Snow, winds in Colorado mountains shut down roads
October 26, 2010
DENVER – More than a foot of snow fell on Colorado’s mountains, where winds up to 75 mph briefly shut down parts of the state’s major east-west route through Denver and delayed flights Tuesday.
Vail Pass on Interstate 70 was closed for about two hours due to the weather and multiple accidents, causing traffic to back up. A rockslide closed the eastbound lanes of I-70 in Glenwood Canyon for a time.
About 18.5 inches of snow fell at the Eisenhower Tunnel on the road west of Denver, said Frank Benton, a meteorologist with the National Weather Service in Boulder. Weather spotters reported 19 inches near Silverthorne in Summit County.
Winds up to about 75 mph were recorded along the eastern side of the Rockies, including near the foothills west and north of Denver, according to the weather service. Strong westerly winds delayed arrivals and departures Tuesday at Denver International Airport.
Only three of the six runways were used earlier Tuesday, but five were in operation by late afternoon, airport spokeswoman Laura Coale said.
Both sides of I-70 between the tunnel and Silverthorne will be closed in stages early Wednesday so crews can clear snow from lanes that have been closed for construction. Eastbound traffic will be detoured off the highway from 1 to 3 a.m., followed by westbound traffic from 3 a.m. to 5 a.m.
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Independence Pass near Aspen and Loveland Pass were also closed for a second day.
The weather service said another round of snow will move into the northern Colorado mountains Tuesday evening. Snow was expected through Wednesday morning, thanks to “a very strong” upper-level jet stream, said Benton.
The snow was welcomed in ski country, after a warm start to October.
“My assistant director and I were joking that someone hit the snow switch,” said Craig Simson, ski patrol director at Keystone Resort. “I’m not sure where it is. I wish I knew, but someone found it and hit it right on the button.”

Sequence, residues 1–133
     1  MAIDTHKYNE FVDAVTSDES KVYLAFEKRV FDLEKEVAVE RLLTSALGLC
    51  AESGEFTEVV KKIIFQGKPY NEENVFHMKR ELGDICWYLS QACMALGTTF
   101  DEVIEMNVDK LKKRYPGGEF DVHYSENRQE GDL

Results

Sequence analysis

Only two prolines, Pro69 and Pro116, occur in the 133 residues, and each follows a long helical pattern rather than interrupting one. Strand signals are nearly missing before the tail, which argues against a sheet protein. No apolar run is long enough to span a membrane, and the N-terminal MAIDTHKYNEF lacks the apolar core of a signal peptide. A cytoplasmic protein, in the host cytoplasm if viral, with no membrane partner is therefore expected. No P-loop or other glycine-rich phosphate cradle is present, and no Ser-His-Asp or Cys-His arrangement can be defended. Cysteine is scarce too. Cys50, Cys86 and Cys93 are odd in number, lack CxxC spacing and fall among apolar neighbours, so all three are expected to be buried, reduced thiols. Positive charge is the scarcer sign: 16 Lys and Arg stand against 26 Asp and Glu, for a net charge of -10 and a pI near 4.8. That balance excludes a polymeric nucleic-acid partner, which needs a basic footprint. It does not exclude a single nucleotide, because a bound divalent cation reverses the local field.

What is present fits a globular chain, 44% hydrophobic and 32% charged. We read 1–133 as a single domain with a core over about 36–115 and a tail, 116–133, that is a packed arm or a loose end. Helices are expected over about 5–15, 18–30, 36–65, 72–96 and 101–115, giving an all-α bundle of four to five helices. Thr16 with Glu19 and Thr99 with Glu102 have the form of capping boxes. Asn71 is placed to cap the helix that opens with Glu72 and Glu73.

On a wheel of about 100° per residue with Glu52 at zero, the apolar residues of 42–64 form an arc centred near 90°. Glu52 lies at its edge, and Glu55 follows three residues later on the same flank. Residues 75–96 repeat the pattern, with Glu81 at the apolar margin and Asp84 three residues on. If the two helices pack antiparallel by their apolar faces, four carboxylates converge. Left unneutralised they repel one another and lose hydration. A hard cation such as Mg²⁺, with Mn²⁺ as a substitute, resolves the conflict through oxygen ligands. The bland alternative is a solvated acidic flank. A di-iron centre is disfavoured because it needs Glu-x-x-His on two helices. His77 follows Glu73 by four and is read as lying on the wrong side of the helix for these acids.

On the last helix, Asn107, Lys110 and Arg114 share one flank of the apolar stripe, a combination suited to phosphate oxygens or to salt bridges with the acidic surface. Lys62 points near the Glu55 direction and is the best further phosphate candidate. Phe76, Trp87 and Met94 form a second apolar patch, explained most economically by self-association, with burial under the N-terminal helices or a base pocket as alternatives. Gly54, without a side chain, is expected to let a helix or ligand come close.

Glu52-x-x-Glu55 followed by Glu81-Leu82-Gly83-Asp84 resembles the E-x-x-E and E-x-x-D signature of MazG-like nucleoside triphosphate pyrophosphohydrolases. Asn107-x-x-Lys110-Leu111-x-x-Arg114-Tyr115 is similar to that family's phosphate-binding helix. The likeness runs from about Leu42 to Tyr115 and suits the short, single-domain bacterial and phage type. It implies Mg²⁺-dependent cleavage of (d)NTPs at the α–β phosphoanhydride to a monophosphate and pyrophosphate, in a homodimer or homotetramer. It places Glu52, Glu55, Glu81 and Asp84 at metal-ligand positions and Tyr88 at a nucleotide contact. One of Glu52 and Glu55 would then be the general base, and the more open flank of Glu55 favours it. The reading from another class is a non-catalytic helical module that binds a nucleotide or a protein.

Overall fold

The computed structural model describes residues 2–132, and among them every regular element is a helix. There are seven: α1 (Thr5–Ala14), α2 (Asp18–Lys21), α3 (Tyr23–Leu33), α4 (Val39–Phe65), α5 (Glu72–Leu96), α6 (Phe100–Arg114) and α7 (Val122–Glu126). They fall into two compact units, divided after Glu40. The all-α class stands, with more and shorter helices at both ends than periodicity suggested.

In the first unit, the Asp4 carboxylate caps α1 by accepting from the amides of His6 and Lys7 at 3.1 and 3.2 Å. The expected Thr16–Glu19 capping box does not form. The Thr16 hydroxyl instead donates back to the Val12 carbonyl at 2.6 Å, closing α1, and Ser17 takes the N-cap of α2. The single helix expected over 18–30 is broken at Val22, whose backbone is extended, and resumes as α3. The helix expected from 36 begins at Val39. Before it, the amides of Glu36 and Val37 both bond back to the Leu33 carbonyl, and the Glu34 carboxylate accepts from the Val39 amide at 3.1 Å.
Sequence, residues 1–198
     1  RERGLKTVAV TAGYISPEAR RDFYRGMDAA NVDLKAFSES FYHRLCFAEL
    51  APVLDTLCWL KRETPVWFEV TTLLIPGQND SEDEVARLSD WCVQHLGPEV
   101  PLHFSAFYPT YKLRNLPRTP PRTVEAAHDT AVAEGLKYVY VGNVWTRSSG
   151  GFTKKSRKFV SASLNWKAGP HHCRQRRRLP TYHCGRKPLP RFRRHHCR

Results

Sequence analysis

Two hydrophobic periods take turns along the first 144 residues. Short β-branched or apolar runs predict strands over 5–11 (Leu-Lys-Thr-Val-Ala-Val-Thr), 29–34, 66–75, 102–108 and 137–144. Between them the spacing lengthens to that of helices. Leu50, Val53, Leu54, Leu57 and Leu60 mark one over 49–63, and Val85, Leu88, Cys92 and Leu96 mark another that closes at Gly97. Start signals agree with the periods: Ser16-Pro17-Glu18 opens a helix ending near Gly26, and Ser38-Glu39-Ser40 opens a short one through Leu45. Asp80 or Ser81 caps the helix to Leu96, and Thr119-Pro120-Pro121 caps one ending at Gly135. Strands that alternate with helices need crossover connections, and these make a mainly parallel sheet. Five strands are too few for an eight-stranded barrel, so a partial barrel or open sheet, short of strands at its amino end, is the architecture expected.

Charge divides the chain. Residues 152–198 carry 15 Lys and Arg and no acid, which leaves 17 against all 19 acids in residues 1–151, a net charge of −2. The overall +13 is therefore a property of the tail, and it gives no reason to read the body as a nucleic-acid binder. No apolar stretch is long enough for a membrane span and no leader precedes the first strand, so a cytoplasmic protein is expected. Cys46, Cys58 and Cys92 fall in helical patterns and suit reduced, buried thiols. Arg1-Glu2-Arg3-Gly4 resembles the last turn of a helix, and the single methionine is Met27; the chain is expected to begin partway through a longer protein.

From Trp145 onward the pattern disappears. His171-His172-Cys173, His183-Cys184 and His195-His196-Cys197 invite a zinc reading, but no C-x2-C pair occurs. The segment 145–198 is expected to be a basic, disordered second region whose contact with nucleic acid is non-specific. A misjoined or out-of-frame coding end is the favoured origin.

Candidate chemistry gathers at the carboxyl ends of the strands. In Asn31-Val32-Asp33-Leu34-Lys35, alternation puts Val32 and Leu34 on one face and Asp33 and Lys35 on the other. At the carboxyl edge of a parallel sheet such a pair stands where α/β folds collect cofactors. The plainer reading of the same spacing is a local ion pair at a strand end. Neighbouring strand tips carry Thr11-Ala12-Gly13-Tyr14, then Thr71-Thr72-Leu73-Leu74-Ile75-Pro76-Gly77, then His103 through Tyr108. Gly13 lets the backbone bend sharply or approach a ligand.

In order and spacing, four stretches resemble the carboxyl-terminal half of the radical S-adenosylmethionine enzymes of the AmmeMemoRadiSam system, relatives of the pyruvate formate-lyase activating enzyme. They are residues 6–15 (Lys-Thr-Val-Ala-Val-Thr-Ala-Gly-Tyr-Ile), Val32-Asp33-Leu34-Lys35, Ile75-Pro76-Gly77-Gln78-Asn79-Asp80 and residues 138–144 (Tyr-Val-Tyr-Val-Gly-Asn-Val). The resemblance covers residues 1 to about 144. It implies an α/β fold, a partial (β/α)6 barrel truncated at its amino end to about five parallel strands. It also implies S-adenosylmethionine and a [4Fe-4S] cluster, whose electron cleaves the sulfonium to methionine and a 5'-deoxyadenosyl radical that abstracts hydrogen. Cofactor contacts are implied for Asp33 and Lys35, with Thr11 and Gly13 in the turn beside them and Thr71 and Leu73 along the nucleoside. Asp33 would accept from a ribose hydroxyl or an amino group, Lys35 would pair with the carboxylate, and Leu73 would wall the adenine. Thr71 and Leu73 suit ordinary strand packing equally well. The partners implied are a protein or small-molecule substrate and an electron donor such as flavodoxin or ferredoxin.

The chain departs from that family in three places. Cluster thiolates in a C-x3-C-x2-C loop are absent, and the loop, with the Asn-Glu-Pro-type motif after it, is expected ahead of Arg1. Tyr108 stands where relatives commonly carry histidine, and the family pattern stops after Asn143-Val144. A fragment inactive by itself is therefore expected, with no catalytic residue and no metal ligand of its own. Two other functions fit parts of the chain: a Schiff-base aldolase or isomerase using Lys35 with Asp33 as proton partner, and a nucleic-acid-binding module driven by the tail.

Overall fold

The only two ski resorts open so far in Colorado benefited from the wave of storms. Arapahoe Basin, which opened Monday, reported 8 inches of new snow, while Loveland Ski Area, which opened Sunday, said it has received 12 inches of new snow.
“I woke up excited,” said Viceroy Snowmass hotel group sales employee Brian Mordecai from Snowmass Village. The Snowmass ski area reported 9 inches of snow overnight, though there wasn’t that much on Mordecai’s car Tuesday morning.
“It wasn’t as much accumulation as I was hoping for, but that’s OK,” he said. “I was hoping for 4 to 6 inches on top of my car.”
Snowmass and Aspen Mountain open for the season Nov. 25.
At Keystone, snow was melting on the bottom of Simson’s pants. “According to my pants, I walked through about 10 inches to get from my car to my office,” he said.
Temperatures were cold enough that the resort planned to run its snowmaking guns all night Tuesday to add to the natural flakes that were the size of a half-dollar at times, he said. The resort opens Nov. 5.
While a winter storm warning for the mountains surrounding Aspen expired at noon on Tuesday, a winter weather advisory is in effect until Wednesday morning. Another 4 to 8 inches of snow is possible at higher elevations, the weather service said. Light snow continued to fall periodically in Aspen on Tuesday, and the resort has seen its coldest temperatures of the season so far.
Overnight lows of around 9 degrees are forecast Tuesday night. Wednesday’s forecast calls for a 30 percent chance of snow showers, mainly before noon, with partly sunny skies in the afternoon and a high near 29. Clear skies and lows of around 8 degees are expected Wednesday night, the weather service said.